Regardless of the debate as to whether pressing is restoration or not, what concerned me most when I discovered Overstreet’s definitional change, however, was the 180 degree shift of policy from 2003 to 2006. What, or even who, prompted the modification of the definition? This was no subtle substantive change, nor candidly did I presume it could have been accidental in light of the high caliber of people who work with Overstreet. What steps had Overstreet taken through discussions or solicitations of views to arrive at this radically new definition? I was certainly not aware of either private or public requests for advice, nor were any of the “players” within the community I queried.
Overstreet Guide’s 2006 Definition Now Conceded To Be A Mistake
Two weeks after I questioned those responsible for Overstreet over the appropriateness of and justification for the definitional change, Gemstone Publishing, which publishes Overstreet , issued a public retraction through its online industry e-newsletter Scoop. On April 21, 2006, under the headline “Overstreet Correction”, Scoop stated:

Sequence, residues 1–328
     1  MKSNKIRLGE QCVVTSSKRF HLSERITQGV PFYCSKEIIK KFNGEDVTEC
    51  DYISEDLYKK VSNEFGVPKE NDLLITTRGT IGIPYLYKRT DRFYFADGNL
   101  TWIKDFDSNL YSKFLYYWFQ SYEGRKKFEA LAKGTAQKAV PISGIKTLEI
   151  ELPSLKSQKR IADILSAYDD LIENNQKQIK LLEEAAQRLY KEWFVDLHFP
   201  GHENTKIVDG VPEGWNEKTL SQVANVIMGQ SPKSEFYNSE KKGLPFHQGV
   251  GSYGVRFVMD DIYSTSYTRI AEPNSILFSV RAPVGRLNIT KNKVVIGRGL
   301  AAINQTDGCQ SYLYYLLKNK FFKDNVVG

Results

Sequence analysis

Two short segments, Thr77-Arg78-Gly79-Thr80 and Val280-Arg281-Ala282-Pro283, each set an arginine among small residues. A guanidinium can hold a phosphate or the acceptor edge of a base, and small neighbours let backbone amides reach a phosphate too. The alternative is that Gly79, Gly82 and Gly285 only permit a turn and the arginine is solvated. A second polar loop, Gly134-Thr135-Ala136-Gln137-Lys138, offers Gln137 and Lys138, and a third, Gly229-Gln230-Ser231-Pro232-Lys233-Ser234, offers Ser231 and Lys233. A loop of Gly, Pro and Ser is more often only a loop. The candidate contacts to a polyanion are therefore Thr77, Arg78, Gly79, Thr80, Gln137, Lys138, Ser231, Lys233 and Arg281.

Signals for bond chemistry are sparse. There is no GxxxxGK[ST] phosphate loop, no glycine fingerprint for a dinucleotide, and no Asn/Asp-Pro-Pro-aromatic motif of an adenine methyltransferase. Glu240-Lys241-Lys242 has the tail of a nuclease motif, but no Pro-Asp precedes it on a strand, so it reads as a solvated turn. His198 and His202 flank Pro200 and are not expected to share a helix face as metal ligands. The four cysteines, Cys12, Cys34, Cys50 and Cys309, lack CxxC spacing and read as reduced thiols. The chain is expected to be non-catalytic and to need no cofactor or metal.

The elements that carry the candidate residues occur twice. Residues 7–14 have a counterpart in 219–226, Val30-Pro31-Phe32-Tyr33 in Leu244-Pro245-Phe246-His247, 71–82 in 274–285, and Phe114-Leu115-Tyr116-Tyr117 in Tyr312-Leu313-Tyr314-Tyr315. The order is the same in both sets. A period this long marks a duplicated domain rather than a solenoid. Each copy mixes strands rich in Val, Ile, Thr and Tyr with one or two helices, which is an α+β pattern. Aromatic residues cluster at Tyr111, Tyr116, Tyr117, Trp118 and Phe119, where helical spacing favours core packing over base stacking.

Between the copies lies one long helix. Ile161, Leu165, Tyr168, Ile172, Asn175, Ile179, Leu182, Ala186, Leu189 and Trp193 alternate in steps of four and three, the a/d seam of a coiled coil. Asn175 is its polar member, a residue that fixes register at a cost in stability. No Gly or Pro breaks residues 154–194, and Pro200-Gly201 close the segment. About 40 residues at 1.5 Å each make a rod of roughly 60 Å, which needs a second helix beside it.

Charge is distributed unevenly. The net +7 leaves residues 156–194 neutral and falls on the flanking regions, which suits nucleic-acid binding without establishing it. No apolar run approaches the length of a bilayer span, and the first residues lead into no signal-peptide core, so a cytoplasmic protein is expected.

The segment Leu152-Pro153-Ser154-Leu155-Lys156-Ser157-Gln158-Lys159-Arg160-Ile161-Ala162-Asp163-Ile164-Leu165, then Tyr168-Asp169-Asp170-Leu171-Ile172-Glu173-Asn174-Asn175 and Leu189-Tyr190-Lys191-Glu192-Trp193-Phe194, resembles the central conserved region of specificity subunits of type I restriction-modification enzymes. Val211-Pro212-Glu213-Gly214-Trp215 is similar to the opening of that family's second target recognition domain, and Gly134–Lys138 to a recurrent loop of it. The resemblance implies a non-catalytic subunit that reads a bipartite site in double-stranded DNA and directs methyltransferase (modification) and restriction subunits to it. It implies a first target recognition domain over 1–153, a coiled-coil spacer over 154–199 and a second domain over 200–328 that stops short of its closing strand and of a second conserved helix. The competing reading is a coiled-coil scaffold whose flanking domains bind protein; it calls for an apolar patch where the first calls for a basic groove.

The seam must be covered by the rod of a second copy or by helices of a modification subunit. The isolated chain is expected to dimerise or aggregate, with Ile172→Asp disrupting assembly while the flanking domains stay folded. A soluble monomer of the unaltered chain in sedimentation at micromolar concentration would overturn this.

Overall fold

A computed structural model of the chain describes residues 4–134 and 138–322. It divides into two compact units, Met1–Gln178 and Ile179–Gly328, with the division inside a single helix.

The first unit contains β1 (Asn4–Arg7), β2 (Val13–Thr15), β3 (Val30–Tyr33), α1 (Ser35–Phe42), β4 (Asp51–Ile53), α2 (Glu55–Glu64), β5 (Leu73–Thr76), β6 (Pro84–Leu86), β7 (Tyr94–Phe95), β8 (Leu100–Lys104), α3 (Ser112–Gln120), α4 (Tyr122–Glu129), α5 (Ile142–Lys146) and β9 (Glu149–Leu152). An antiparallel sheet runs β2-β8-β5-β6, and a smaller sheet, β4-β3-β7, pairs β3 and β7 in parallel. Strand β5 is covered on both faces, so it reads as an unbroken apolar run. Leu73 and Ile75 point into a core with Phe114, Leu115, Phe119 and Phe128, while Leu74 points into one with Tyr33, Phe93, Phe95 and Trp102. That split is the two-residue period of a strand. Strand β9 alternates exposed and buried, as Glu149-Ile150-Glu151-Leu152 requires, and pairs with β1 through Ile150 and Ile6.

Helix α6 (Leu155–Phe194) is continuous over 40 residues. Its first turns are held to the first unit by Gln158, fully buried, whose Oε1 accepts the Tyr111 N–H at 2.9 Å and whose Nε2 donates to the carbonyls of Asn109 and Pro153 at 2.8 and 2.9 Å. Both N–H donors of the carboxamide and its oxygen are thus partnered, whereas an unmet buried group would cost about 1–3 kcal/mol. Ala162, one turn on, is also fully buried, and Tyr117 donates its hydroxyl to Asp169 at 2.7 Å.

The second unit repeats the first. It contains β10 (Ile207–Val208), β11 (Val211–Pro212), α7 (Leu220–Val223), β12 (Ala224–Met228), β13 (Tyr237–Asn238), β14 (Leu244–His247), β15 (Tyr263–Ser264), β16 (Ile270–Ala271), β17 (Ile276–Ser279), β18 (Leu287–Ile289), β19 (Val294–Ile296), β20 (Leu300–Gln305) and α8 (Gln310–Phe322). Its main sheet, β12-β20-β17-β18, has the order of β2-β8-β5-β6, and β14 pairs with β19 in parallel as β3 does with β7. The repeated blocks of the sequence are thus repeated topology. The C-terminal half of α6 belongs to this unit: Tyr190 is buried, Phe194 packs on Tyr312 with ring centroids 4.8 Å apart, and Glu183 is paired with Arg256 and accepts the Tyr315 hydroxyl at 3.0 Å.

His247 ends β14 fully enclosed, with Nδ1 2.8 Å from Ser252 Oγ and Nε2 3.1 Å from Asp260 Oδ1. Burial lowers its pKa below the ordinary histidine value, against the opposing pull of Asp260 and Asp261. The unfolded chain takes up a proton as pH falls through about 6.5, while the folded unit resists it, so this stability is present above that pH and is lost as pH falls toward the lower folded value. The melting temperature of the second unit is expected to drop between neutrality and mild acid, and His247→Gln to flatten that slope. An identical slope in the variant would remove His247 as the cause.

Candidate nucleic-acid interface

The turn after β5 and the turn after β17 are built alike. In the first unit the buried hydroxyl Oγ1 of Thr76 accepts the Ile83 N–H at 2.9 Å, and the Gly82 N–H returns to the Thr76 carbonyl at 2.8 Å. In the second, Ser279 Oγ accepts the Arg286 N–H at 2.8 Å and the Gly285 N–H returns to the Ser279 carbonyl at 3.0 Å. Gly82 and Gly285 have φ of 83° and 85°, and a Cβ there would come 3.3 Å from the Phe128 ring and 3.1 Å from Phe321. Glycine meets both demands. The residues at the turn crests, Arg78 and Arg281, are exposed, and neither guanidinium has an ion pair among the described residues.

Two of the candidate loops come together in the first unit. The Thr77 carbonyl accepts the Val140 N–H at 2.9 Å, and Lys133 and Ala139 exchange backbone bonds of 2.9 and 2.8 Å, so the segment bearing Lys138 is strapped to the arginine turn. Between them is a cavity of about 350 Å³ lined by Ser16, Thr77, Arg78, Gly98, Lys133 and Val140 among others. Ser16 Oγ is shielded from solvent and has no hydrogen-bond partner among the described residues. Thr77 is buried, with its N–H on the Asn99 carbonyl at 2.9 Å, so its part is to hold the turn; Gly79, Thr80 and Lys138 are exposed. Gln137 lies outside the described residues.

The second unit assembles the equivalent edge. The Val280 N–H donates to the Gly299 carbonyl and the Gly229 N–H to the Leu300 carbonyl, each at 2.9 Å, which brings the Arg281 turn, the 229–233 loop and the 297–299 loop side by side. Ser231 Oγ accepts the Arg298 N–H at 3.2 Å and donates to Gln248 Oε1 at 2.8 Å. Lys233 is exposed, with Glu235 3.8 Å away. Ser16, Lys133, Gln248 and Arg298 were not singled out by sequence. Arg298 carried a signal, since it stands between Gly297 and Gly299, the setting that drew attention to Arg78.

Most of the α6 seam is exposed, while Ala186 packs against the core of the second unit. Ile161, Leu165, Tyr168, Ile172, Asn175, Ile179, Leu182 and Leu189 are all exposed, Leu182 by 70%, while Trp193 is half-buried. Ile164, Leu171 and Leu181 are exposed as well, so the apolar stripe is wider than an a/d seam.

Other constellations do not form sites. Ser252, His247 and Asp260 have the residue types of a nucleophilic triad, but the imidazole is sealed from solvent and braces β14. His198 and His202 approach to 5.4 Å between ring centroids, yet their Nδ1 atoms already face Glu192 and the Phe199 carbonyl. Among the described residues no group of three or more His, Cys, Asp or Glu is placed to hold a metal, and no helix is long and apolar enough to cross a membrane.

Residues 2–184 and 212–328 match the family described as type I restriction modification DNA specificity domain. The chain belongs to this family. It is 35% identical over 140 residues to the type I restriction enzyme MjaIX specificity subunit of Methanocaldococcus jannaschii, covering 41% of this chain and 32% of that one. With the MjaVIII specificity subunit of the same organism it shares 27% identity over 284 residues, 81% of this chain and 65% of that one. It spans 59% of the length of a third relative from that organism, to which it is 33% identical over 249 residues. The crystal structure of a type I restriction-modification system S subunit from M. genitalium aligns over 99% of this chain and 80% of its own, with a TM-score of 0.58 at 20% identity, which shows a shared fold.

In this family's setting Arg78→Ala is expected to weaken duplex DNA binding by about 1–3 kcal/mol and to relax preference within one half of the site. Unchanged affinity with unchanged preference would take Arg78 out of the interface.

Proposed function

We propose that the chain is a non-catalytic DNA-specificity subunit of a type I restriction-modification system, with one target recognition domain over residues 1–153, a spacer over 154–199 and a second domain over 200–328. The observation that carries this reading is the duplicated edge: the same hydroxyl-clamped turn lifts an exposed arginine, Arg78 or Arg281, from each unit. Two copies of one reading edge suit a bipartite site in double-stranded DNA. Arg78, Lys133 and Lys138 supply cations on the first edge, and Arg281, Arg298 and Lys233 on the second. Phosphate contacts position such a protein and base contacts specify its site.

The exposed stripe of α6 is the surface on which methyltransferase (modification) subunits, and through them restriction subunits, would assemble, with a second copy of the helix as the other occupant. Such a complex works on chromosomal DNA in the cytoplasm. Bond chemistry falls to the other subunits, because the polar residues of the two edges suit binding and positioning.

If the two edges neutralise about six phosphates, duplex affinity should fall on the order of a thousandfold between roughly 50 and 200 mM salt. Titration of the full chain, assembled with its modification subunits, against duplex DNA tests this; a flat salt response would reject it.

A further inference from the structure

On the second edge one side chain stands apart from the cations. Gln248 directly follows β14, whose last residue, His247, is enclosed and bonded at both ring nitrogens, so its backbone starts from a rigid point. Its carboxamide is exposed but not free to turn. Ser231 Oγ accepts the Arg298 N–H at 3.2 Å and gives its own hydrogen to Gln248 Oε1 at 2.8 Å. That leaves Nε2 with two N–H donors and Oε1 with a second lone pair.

As some of our perceptive readers have noticed, there was a mistake in the glossary section of The Overstreet Comic Book Price Guide #36.
The entry regarding the definition of restoration was in error and is an unedited draft version. This error has been corrected in our files and the correct definition found in The Overstreet Comic Book Price Guide #35 will be printed in The Big Big Overstreet Comic Book Price Guide #36, which is due out in late May.
Since the book's inception, Bob Overstreet and the Guide staff have encouraged advisor and reader input in each and every edition of the book. This has included running full-page editorials asking for feedback, and of course reaching out via Scoop, just as was done with the comic book ages changes made following the articles in CBPG #33 and CBPG #34.(3)